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Could Dinosaurs Have Survived?

The feathered dinosaur Microraptor pounces on a nest of primitive birds. Both species lived around 120 million years ago in what is now northern China. Credit: Brian Choo
The feathered dinosaur Microraptor pounces on a nest of primitive birds. Both species lived around 120 million years ago in what is now northern China. Credit: Brian Choo
Could Dinosaurs Have Survived?
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Dinosaurs last lived on Earth about 65 million years ago. For many years, scientists have debated how and why dinosaurs disappeared. But improved tools and records of fossil remains have led some experts to agree about the disappearance of these ancient creatures. We get more from Jeri Watson.

University of Edinburgh researcher Steve Brusatte led the team of experts. They blamed a huge rock from space – a 10-kilometer-wide asteroid -- for the dinosaurs’ disappearance. Their findings appeared in the journal Biological Reviews.

“The asteroid did it. But that asteroid probably hit at a particularly bad time.”

Steve Brusatte says the rocky object was responsible for environmental damage worldwide. He says the asteroid caused tsunami waves, earthquakes, wildfires, acid rain and sudden temperature changes.

Mr. Brusatte and his team proposed that if the asteroid had struck the Earth a few million years earlier, the dinosaurs might have been better able to survive. By the time the asteroid struck, dinosaurs had already lost some of their strength.

“A lot of the big plant eating dinosaurs, those horned dinosaurs like triceratops, the bottom of the food chain dinosaurs, the base of dinosaur ecosystems, those dinosaurs had declined a little bit in their diversity.”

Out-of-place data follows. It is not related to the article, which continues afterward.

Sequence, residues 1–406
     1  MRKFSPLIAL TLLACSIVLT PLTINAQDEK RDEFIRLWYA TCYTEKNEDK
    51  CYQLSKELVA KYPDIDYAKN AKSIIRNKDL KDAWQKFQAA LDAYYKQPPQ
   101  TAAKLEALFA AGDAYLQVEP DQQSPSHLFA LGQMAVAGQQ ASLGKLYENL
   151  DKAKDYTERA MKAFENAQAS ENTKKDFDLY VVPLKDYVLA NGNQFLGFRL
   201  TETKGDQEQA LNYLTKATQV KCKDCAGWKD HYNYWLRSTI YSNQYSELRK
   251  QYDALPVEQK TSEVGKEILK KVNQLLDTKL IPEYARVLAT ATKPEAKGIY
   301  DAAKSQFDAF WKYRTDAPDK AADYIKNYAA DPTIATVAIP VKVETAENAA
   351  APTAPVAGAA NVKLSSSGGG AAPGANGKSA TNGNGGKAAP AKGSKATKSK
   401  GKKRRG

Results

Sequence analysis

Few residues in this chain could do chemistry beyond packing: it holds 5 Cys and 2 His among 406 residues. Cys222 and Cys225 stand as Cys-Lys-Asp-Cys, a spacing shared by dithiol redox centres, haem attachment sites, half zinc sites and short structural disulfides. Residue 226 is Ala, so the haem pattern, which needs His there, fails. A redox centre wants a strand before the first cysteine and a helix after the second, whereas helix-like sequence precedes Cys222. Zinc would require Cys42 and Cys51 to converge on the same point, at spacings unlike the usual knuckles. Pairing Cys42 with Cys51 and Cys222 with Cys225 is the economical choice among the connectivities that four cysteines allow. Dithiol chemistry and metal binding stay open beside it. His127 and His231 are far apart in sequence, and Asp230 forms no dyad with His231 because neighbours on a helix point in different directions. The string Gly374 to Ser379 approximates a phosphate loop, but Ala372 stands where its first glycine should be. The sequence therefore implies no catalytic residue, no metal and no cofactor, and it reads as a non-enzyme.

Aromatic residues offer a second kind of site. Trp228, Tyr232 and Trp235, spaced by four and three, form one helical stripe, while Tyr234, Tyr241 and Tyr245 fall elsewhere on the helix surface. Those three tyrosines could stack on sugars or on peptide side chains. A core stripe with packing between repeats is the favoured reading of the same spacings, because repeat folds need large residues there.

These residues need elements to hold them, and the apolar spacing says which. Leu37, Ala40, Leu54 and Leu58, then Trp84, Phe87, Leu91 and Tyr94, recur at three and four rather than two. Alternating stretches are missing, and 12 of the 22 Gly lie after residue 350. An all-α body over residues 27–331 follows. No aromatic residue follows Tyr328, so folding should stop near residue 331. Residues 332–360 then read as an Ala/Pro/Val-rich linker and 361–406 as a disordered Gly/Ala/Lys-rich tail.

He notes that dinosaur populations had grown and then decreased in number over 150 million years.

His team’s report appears in the journal Biological Reviews.

But some plants and animals DID survive through the period of dinosaur extinction. Another study looks at one group of dinosaurs that lived through the disasters. It shows how large cold-blooded, meat–eating animals like Tyrannosaurus Rex may have developed into small, warm-blooded birds.

Biologist Michael Lee works jointly with the South Australian Museum and the University of Adelaide. He was the lead writer of the study. He and his team centered their efforts on one group of dinosaur, meat-eating theropods. They examined 120 species.

One group of dinosaurs was evolving, changing four times as fast as all the other dinosaurs living during that period. And over time, the fast-evolving group became birds.

The scientists studied how those changes took place over 50 million years. They say that during that time, each generation got smaller and smaller. Michael Lee says that by the time the asteroid hit, the earliest birds had been living for about 100 million years.

“The bird ancestor started exploring a new kind of lifestyle which involved smaller body size, greater agility and greater ability to regulate their body heat using things like feathers and various other things.’

Mr. Lee said smaller body size was responsible for the changes. And that, in turn, it would have made way for changes in their body structure like the addition of wings and flight feathers. He also noted other changes seen in modern birds, such as wish bones.

About 10,000 species of birds now live on the planet.

This story was based on a report by VOA Correspondent Rosanne Skirble and adapted for Learning English by Jeri Watson. George Grow was the editor. ______________________________________________________________

Words in the News

extinction n., the state or situation that results when something such as a plant or animal species has died out completely

generation, n., a group of individuals born and living about the same time

journal, n., a magazine that reports on things of special interest to a particular group of people

species, n. , a group of animals or plants that are similar and can produce young animals or plants: a group of related animals or plants that is smaller than a genus

fossils, n., things preserved that belonged to a plant, animal or bones that lived in ancient times.

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